All my life I wanted to write a book. It’s all I ever wanted to do. When I was in college I started to write a book that soon took over my life. Everything—my friends, family, how I spent my money—was decided on how the book would be affected.
One evening in 1979, I wandered back to my room to continue writing. I had spent two and a half years writing this story, and that evening I felt more excited about the project than ever before. Never had it been going better.
In my room, I stuck a sheet of paper in the typewriter (no computers back then), and when I struck the first key—as real as anything that ever happened to me, I heard the voice of Jesus say, “Cliff, you have been playing with me long enough. If you want me, burn the book.”
Now, this didn’t happen instantly. Jesus had been working to bring me to this moment. He showed me that the book I was writingwas my idol. If I wanted the true God, the false one had to go. But why now? I was the most excited about the book than I had ever been. Why couldn’t Jesus asked me to do this when it wasn’t going so well?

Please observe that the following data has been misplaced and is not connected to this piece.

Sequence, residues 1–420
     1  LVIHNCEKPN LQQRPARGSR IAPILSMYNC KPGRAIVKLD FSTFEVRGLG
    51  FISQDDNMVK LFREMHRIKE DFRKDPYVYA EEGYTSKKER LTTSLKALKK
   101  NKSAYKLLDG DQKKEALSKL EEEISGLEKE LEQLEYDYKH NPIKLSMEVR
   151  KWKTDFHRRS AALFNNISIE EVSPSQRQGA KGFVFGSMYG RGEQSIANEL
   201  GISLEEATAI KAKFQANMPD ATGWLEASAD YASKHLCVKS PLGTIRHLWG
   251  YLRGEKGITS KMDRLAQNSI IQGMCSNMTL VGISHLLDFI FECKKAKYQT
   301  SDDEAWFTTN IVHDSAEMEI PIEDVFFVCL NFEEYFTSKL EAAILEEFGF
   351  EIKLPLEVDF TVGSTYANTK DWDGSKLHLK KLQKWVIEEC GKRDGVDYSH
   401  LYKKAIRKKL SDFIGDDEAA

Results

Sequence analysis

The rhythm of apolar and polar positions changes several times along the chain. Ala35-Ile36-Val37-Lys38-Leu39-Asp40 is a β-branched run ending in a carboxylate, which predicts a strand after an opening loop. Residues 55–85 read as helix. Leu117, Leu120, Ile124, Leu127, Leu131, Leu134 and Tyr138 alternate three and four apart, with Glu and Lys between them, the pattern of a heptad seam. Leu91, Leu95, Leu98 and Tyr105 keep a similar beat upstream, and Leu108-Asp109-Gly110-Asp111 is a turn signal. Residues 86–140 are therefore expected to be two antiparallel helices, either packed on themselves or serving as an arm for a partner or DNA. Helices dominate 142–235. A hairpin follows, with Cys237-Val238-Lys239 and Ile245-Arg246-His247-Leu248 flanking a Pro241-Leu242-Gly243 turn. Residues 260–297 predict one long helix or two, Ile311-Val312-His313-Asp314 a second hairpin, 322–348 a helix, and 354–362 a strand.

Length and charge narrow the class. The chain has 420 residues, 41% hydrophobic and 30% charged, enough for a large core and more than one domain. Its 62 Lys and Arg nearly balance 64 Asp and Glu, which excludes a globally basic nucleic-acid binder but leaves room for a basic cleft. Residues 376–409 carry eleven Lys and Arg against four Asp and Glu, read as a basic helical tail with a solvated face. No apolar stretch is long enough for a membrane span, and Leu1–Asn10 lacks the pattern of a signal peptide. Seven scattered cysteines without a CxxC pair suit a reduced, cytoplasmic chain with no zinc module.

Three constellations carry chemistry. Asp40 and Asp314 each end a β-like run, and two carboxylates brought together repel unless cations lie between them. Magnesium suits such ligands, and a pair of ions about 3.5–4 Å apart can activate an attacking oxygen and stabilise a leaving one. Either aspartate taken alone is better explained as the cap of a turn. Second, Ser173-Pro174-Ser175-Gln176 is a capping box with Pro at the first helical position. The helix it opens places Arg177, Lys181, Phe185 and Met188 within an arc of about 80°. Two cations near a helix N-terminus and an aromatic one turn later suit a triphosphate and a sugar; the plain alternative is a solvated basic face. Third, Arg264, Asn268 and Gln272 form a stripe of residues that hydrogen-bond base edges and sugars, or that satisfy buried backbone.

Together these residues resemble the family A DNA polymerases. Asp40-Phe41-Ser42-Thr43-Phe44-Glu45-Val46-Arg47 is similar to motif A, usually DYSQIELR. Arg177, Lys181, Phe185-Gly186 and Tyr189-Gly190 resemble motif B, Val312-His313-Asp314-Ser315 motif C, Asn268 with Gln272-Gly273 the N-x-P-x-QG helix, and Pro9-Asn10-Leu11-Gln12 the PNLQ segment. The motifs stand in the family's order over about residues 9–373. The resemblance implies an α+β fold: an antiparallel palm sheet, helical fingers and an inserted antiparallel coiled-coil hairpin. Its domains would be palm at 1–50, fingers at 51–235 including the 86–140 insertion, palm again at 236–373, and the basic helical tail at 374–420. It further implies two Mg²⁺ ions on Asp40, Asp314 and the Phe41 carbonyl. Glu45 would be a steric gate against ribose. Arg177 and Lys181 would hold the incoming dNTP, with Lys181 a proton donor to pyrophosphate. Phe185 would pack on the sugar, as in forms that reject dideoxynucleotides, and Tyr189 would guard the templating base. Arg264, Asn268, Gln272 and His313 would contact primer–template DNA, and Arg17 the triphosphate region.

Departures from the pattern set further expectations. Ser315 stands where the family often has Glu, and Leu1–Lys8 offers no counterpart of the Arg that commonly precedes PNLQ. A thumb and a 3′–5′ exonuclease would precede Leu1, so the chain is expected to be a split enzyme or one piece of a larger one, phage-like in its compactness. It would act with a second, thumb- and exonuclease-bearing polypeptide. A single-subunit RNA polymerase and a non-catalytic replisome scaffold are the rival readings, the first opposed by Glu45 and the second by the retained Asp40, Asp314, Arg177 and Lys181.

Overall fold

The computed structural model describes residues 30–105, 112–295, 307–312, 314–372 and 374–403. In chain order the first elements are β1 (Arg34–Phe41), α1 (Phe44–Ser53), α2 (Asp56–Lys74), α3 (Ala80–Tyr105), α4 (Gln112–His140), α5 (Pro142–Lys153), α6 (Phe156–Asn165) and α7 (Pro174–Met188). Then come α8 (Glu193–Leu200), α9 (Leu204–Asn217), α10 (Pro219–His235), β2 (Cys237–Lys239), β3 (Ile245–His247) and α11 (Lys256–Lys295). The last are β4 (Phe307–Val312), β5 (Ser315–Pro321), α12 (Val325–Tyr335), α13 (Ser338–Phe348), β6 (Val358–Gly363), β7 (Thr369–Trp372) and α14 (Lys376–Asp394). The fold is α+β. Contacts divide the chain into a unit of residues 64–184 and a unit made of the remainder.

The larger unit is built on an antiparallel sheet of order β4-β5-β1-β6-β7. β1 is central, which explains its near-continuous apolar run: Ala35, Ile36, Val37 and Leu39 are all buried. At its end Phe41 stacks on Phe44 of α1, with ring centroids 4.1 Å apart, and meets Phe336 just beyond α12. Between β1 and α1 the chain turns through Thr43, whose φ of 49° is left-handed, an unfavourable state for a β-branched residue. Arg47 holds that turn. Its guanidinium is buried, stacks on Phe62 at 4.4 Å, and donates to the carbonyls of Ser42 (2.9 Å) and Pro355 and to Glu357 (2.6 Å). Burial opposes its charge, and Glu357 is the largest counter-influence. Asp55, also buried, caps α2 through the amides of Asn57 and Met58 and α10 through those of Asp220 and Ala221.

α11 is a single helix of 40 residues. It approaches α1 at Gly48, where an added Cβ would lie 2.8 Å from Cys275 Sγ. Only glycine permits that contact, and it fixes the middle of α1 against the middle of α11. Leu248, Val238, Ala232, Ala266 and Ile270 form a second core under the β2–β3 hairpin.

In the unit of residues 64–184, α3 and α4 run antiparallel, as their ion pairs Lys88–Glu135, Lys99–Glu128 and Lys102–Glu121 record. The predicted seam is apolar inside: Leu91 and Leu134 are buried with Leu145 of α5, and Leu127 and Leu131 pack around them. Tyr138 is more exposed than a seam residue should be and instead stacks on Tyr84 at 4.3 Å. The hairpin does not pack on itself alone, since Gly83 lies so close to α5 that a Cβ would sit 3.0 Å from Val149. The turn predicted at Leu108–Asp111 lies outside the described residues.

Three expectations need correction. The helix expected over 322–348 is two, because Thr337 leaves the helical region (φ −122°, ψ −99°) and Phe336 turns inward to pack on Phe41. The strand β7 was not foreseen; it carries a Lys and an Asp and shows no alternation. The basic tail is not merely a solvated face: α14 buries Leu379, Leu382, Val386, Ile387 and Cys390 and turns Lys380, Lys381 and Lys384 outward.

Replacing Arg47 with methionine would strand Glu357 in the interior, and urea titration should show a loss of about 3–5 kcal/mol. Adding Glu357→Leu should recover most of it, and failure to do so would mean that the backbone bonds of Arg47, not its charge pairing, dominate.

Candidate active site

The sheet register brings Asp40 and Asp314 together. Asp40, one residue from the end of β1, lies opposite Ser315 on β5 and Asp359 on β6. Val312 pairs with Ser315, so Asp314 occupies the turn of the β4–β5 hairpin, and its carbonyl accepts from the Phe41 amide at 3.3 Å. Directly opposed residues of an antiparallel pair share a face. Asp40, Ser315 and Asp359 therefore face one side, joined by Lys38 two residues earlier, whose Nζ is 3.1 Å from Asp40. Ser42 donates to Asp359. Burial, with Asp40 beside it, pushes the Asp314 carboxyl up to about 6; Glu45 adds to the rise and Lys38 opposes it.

After a night of struggling with what I should do, I burned the book. I chose Jesus.
Within days, the devil whispered in my ears: Oh, you burned the book because you knew you couldn’t finish it. Suddenly I was doubting. Was that true? But then, as I remembered my experience, I thought, No! No! That night I was the surest of the book than ever. That’s why the Lord had me burn it then! Go away Satan!
Ellen White explains this so well: “At the moment of success, when the nets were filled with fish . . . Jesus asked the disciples at the sea to leave all for the work of the gospel.” (The Desire of Ages, p. 273).
When the disciples caught the biggest number of fish ever, Jesus asked them to walk away. Choosing Jesus when you are the most successful is when it is the hardest.
I’m really glad I chose Jesus that day!
—This is adapted from an article written by Clifford Goldstein for the April Adventist Review.
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